May 13, 2008
Associated Press

WASHINGTON - The Marine Corps far surpassed its recruiting goal last month and could eventually be more than a year ahead of schedule in its plan to grow the force to 202,000 members.

All military services met or exceeded their monthly recruiting goals in April, with the Marine Corps signing 142 percent of the number it was looking for, the Pentagon said.

The Army signed 101 percent of its goal, recruiting 5,681 against a goal of 5,650. The Navy and Air Force met their goals - 2,905 sailors and 2,435 airmen.

The Marine Corps enlisted 2,233 recruits against a goal of 1,577.

"The Marine Corps, if they continue to achieve the kind of success they have had, could meet their growth figures more than a year early," Defense Department spokesman Bryan Whitman told Pentagon reporters. That would mean by around the end of 2009.

Stretched thin by the wars in Iraq and Afghanistan, the Pentagon last year recommended that the Army be increased by about 65,000 soldiers to a total of 547,000, and the Marines be increased by 27,000 to 202,000.

Recruiting is easier in a slow economy, which limits other job possibilities that are available. But officials also noted that the Army and Marines have added recruiters as well as bonuses and other special benefits to attract more recruits in the midst of the unpopular war in Iraq.
© Copyright 2008 Associated Press

Wednesday, May 07, 2008

Mother's Day Picture

This is for all the mothers of more than one son. These "good" sons are trying to take a nice picture for Mom on Mother's Day. Well, it's the thought that counts, right?

Dutch troops train for Africa at Camp Lejeune

By Trista Talton - Staff writer
Posted : Wednesday May 7, 2008 9:46:59 EDT

CAMP LEJEUNE, N.C. — Sgt. Erwin Spil could see his Marines’ arms slightly shaking, fierce concentration marking their faces.

Firing live rounds in close quarters kept the Dutch marines on their toes. Hard to say what’s around a corner or who might be standing on the other side of a wall, said Spil, an instructor with 11th Company, 1st Marine Battalion.

Training in the shoot-house at Camp Lejeune’s mobile military operations in urban terrain facility was among the highlights for the Dutch marines, here on a three-week stay at the base.

About 120 of the Korps Mariners — the Royal Netherlands Marine Corps — have been hosted by 3rd Battalion, 8th Marines, and granted access to places such as the mobile MOUT and live-fire ranges peppered throughout the base.

“This kind of facility, like the shoot-house, in the Netherlands, we don’t have that,” Spil said.

On a warm April 29 morning, outside of the shoot-house, a small group of the Dutch marines suited up in their flak jackets and helmets, patterned in brightly colored green-brown-black camouflage. The protective gear stood in contrast with their woodland cammies, similar to those Marines wore before “digital” camouflage was introduced, and was provided courtesy of the Dutch army.

Like their U.S. counterparts, Dutch marines are considered a part of “the few.” The Royal Netherlands Marine Corps is about the size of a standard Marine regiment, about 3,000 Marines. But the group’s history spans back long before the first Marines pledged an oath at Tun Tavern. Korps Mariners formed in 1665, during the Anglo-Dutch Wars.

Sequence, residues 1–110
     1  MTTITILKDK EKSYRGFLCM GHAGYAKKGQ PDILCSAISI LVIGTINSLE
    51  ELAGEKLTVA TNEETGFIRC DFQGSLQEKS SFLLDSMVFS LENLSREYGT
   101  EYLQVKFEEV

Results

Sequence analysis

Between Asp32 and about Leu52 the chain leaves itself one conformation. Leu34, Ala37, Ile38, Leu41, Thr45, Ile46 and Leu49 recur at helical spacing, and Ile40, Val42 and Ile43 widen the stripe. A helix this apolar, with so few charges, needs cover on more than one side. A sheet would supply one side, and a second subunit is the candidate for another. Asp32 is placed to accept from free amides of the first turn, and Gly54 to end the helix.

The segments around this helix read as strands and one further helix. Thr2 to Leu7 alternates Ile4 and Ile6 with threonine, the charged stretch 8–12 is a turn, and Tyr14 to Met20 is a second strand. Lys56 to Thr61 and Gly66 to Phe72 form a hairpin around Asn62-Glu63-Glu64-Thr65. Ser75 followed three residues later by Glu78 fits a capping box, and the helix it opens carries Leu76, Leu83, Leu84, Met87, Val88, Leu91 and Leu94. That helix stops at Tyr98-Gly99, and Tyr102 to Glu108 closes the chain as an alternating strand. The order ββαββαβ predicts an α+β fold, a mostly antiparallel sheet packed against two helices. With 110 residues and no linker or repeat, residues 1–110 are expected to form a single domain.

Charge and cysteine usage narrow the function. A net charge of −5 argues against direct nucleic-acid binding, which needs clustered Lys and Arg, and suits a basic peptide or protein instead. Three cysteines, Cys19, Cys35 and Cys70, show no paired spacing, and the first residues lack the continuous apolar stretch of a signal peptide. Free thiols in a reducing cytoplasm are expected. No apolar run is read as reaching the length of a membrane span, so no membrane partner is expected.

Camp Lejeune is a spiritual home of sorts for Dutch marines, who came to the base in 1944 after their homeland fell under Nazi control. Reorganizing completely at Camp Lejeune, the foreign troops settled in the Hadnot Point and Montford Point areas of the base to model their newly reformed corps after the American troops, according to historical records of the Montford Point Marines Association.

Members of the Dutch brigade practiced amphibious operations alongside their American counterparts, used the same base exchanges and facilities, and even modeled their uniforms on the U.S. pattern, according to the records. The units left the base in 1945.

Today’s Dutch marines have live-fire ranges of their own, but have less freedom when they conduct live-fire exercises because range control, not individual units, is in charge of exercises. They have access to two MOUTs, which are shared by all of the Dutch military, roughly 70,000 troops.

At Lejeune’s mobile MOUT, which is designed to resemble an Iraqi village, the Dutch marines tackling the shoot-house were reminded that communication in close quarters is important.

“You forget to communicate,” Spil said.

Lt. Maarten Van Der Hoek, 1st Platoon commander, 11th Company, said using live rounds makes a difference in their training.

“We’re used to working with blanks,” he said. “Now we have live rounds. You can see the tension in their faces.”

Several miles away at a live-fire range, another group of Dutch marines with 11th, 13th and 14th companies, prepared to walk the line.

As the Dutch marines fired their M16s, Marines with 3/8 watched their Dutch counterparts narrow in on targets.

“They’ve done well,” said Capt. Dan O’Brien, an exchange officer and officer in charge of a Dutch marine company-sized attachment. “That’s pretty competent basic gunnery they did and, two weeks ago, they couldn’t do that.”

Dutch marines don’t often have to train at ranges where they shoot into the sand, which helps shooters see where they’re hitting, O’Brien said. Dutch marines have even less access to machine-gun live fire in the Netherlands and they do not get as much ammunition.

Cpl. Stephen McGarry, a machine-gunner with 8th Marines, was one of two U.S. Marines working with Dutch marines firing their machine guns on the same range.

“They’re all really eager to learn,” he said. “The guys have been shooting real good the past couple of days.”

Dutch marines taking part in the training at Lejeune are preparing to deploy this fall to Chad in central Africa, where they will provide aid to Darfur refugees from the neighboring nation of Sudan.